After the Sixteen Points were made public, many people began directing criticism at the work groups. Those who had received the brunt of retaliation by work groups were especially excited, and the situation for the work groups in retreat was increasingly awkward and difficult. In compliance with the spirit of the "Notice of the Beijing Party Committee concerning the Withdrawal of Work Groups from Universities and Middle Schools," the "complete withdrawal of all work-group personnel within two or three days" was formally announced in Beijing on August 12, 1966.
In quick order, after simple accounting and inspection, the work groups moved out of all units, the leadership of which was now temporarily in the hands of the Cultural Revolution task forces and planning committees formed by the work groups. The Beijing Party Committee also followed orders in sending liaison personnel to the schools to maintain contact and to control the movement in the schools. Under the direction of these liaison officials, all the universities and institutes immediately took on the "black gangs." Many schools organized "labor reform teams," forcing many who were branded as counterrevolutionary during the work-groups period into such teams. Thus the anti-work groups activities also stopped.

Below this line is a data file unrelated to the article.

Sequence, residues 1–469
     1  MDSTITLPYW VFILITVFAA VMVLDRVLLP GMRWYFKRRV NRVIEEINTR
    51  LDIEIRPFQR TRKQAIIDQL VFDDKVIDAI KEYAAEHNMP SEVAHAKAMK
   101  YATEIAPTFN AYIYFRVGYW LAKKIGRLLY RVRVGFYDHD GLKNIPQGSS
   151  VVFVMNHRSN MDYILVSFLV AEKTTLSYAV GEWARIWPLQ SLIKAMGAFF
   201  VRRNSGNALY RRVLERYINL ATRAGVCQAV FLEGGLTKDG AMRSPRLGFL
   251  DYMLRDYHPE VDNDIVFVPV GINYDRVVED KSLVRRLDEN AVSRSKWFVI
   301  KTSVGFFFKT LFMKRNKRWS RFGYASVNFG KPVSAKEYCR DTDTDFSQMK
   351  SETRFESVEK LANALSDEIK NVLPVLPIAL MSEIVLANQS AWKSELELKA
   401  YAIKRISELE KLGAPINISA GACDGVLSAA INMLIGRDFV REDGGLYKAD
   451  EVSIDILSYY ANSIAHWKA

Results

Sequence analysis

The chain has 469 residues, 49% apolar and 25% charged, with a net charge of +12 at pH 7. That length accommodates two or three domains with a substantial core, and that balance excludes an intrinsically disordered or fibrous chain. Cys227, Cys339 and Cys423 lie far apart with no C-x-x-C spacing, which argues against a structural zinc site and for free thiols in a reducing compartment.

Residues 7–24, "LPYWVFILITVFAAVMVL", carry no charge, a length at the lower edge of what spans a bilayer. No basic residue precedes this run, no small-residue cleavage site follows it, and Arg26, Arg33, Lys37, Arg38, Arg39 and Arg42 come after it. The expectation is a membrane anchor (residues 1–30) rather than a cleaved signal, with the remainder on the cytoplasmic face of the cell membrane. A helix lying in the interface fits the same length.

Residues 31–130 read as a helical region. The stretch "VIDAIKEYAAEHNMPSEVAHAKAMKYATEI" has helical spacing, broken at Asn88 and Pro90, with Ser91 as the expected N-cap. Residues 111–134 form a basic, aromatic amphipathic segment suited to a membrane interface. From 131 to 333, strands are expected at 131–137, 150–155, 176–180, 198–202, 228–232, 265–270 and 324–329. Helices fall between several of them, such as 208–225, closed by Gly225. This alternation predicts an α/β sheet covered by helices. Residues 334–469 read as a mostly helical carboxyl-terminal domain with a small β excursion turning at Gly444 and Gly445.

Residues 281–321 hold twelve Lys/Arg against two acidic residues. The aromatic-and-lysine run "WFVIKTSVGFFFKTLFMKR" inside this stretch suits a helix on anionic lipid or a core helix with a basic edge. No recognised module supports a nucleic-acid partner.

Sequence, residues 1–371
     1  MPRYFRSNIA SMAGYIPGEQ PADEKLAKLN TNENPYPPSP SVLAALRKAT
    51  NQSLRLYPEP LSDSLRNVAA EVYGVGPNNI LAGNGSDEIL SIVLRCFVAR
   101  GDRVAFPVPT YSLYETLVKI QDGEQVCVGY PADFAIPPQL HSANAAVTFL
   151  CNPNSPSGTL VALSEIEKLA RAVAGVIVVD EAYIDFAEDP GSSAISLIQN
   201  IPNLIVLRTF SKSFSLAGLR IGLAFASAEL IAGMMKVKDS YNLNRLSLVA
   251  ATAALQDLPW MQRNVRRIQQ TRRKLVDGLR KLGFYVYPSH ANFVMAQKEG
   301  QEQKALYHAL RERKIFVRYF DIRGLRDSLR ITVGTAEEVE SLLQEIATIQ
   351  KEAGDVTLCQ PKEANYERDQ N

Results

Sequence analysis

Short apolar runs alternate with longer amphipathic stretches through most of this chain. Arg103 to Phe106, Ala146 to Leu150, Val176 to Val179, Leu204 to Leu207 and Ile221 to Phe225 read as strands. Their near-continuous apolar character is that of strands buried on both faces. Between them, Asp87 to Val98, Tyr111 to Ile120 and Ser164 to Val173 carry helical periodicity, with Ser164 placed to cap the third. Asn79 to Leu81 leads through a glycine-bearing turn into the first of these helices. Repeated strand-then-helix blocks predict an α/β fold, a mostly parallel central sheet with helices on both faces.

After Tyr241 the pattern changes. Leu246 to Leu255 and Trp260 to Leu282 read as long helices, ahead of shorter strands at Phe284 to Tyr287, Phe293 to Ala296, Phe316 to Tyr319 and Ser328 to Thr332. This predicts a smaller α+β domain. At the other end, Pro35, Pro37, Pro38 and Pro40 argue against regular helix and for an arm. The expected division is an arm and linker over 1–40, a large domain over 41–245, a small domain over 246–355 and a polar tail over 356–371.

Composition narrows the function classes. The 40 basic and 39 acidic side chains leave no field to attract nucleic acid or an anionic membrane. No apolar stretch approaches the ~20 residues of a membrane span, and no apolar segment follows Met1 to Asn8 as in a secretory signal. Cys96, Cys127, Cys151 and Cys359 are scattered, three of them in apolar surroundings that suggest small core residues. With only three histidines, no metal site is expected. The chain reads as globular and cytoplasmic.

An important procedure of the Cultural Revolution was to incite the anti‐ work groups forces to oppose Liu Shaoqi. If the masses were all concentrating on struggling with the "black gangs," then they could not very well locate the "melon" (Liu Shaoqi) by groping along the "vine" (work group). Thus, the Central Small Group quietly worked to revive the anti—work groups forces.
On August 19, 1966, a big-character poster entitled "Wang Guangmei Is the Number-One Pickpocket of Qinghua Campus" appeared on the campus of Qinghua University. This was a momentous act, for it contravened a standing